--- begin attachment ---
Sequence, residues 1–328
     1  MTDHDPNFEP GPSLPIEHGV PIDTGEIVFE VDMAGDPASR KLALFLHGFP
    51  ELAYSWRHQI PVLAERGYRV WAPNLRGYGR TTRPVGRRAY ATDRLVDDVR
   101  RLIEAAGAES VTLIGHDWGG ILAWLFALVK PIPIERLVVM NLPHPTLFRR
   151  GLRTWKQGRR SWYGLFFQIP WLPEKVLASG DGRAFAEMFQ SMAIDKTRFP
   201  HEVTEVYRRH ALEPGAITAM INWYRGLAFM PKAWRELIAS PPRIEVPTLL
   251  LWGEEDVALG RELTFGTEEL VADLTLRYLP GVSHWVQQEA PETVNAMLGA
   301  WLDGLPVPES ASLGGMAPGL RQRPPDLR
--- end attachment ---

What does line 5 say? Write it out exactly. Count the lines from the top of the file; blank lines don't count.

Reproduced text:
   151  GLRTWKQGRR SWYGLFFQIP WLPEKVLASG DGRAFAEMFQ SMAIDKTRFP